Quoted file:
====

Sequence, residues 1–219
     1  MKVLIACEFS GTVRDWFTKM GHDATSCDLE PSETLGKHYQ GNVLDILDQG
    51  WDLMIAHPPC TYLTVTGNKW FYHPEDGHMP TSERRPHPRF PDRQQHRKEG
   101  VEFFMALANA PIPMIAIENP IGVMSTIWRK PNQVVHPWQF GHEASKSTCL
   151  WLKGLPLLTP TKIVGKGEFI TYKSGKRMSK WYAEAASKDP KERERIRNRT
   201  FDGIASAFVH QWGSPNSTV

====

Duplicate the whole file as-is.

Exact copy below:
Sequence, residues 1–219
     1  MKVLIACEFS GTVRDWFTKM GHDATSCDLE PSETLGKHYQ GNVLDILDQG
    51  WDLMIAHPPC TYLTVTGNKW FYHPEDGHMP TSERRPHPRF PDRQQHRKEG
   101  VEFFMALANA PIPMIAIENP IGVMSTIWRK PNQVVHPWQF GHEASKSTCL
   151  WLKGLPLLTP TKIVGKGEFI TYKSGKRMSK WYAEAASKDP KERERIRNRT
   201  FDGIASAFVH QWGSPNSTV